Silent Running (1972)
Given that it is a cult, if not an outright classic, I need to be careful as I don’t have many positives to offer about Douglas Trumbull’s ecological augury Silent Running, a film I was greatly looking forward to seeing, having marvelled at it as a child, but sorely disappointed by.
I was, firstly, disappointed to note how heavily derivative it is, especially of Stanley Kubrick’s 2001: A Space Odyssey, on which director Douglas Trumbull was master in charge of special effects (as he had also been for Dr Strangelove).
The premise might strike you as familiar: alone in deep space, things get very weird, equipment fails, innocent astronatus die, the remaining crew member goes through a psychedelic space trip hurtling through the rings of Saturn and nothing else makes a lot of sense. I gather Silent Running was meant as some sort of “answer” to 2001, but I’m not sure switching things around so it is the meatware that goes bonkers makes a whole lot of difference. There are more thoughtful “responses” to Kubrick (Tarkovsky’s Solaris being the most obvious), and in any case I’m not even sure 2001 needed one.
Unlike 2001, where the premise is nicely mystical and metaphysical, here the starting proposition is both prosaic and ludicrous: even allowing the premise that the Earth has become, by intended human intervention, totally devoid of plant life (which, the amateur biologist in me shrieks, would surely destroy the oxygen/carbon dioxide equilibrium), for the isolated custodian of remaining plant-life to then receive an order, without explanation and apropos nothing, to nuke the remaining space-bound conservatories and return to earth defies any sort of credulity. Why would the order be given, and why would Lowell carry it out?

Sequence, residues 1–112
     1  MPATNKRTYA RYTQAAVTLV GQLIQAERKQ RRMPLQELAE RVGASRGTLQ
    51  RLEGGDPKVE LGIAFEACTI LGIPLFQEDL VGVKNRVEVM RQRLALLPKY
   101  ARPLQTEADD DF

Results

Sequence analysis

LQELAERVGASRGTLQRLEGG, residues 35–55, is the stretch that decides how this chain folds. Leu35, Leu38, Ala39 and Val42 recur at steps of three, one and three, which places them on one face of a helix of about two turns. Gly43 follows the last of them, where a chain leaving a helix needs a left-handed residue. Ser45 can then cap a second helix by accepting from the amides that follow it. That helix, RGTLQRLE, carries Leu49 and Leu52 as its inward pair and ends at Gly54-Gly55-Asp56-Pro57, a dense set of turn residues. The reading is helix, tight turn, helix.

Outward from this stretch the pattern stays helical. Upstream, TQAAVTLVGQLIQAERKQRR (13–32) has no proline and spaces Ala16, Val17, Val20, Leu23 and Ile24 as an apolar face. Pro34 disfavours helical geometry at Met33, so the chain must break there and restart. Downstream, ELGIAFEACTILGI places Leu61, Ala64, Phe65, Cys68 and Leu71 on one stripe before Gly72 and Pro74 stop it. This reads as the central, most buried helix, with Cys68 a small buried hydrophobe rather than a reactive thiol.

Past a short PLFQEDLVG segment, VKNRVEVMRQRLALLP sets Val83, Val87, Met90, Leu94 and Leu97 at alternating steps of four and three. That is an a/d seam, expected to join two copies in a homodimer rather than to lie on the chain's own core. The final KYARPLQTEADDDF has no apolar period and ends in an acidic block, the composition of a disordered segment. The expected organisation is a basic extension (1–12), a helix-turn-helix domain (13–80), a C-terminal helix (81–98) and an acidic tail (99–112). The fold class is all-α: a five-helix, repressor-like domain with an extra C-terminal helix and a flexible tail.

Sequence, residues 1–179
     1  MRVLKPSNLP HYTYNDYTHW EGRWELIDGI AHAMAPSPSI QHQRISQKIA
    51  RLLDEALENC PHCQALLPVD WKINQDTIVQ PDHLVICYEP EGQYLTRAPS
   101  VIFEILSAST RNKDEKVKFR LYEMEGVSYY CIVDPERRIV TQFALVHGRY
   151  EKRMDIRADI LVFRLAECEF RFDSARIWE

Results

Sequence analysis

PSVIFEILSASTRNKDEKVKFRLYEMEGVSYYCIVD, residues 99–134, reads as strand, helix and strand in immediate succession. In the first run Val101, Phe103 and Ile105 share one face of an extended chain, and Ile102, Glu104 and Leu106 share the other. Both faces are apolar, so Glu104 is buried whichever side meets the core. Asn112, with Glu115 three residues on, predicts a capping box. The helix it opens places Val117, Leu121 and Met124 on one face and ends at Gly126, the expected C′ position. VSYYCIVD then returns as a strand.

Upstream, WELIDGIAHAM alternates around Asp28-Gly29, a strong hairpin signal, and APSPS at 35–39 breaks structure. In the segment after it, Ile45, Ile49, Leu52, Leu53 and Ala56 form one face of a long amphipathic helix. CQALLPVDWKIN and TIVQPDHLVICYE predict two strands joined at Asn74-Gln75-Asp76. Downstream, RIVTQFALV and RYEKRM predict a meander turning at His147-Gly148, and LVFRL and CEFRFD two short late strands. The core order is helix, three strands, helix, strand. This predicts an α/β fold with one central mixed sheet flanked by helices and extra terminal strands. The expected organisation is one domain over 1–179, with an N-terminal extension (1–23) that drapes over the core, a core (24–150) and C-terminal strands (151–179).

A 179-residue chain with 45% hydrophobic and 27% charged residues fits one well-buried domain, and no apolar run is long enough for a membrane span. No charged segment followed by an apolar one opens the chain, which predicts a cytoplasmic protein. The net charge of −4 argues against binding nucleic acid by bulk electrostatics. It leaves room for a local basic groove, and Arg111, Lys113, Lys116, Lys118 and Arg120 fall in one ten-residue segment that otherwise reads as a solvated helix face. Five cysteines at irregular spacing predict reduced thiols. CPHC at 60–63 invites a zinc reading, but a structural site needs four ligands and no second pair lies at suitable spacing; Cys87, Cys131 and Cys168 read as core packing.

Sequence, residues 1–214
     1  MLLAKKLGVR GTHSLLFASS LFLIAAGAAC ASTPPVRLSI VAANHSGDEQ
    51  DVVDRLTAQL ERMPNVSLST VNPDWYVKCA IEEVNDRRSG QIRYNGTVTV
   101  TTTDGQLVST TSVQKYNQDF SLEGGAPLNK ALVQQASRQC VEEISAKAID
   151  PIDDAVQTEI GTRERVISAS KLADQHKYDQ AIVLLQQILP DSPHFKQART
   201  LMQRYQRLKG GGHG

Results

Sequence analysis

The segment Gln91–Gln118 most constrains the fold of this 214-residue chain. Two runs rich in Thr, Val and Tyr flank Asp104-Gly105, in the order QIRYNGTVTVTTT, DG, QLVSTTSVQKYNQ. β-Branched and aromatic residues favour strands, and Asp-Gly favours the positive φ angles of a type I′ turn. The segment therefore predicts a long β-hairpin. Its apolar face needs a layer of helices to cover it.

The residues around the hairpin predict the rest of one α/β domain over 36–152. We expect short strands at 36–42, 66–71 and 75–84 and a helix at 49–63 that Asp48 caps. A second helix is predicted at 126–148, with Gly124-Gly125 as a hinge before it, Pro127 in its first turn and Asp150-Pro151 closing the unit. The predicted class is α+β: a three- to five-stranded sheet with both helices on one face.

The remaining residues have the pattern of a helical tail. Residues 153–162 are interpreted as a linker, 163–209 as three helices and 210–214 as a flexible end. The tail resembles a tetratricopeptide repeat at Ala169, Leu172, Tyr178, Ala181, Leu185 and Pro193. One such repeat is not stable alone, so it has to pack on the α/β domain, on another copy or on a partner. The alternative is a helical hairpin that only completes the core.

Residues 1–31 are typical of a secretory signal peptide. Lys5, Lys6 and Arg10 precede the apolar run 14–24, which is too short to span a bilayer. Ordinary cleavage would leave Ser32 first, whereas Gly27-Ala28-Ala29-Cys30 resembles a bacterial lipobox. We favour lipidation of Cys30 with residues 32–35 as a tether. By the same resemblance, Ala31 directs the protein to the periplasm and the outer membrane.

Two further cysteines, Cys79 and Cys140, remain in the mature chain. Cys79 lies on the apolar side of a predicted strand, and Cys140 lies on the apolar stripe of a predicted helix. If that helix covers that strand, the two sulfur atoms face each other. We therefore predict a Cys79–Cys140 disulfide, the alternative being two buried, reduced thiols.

For a supposedly pro-conservation film (and in this regard, Silent Running was certainly ahead of its time) there are a number of anomalies, chief among them Trumbull’s curious decision to portray the hero and saviour of the plants as a murderous, paranoid weirdo. Mind you, locked in deep space with only some bushes, a faulty robot and Joan Baez gagging her way through a staggeringly awful cycle of (specially commissioned!) folk songs is more than your average koala can bear, so perhaps you can excuse the poor man of cutting up a little rough.
Last, Silent Running was – quite apparently – made on the cheap. The sets are drab – much of the spaceship looks a lot like a partially converted warehouse (it was, in fact, a co-opted warship, which you’d think would have scrubbed up much better than this as a dystopian space-ship), and the blue-screening and special effects are unremarkable.
No doubt Silent Running has its fans, but your correspondent isn’t among them.
Director: Douglas Trumbull
Stars: Bruce Dern, Cliff Pott, Ron Rifkin
Runtime: 89 min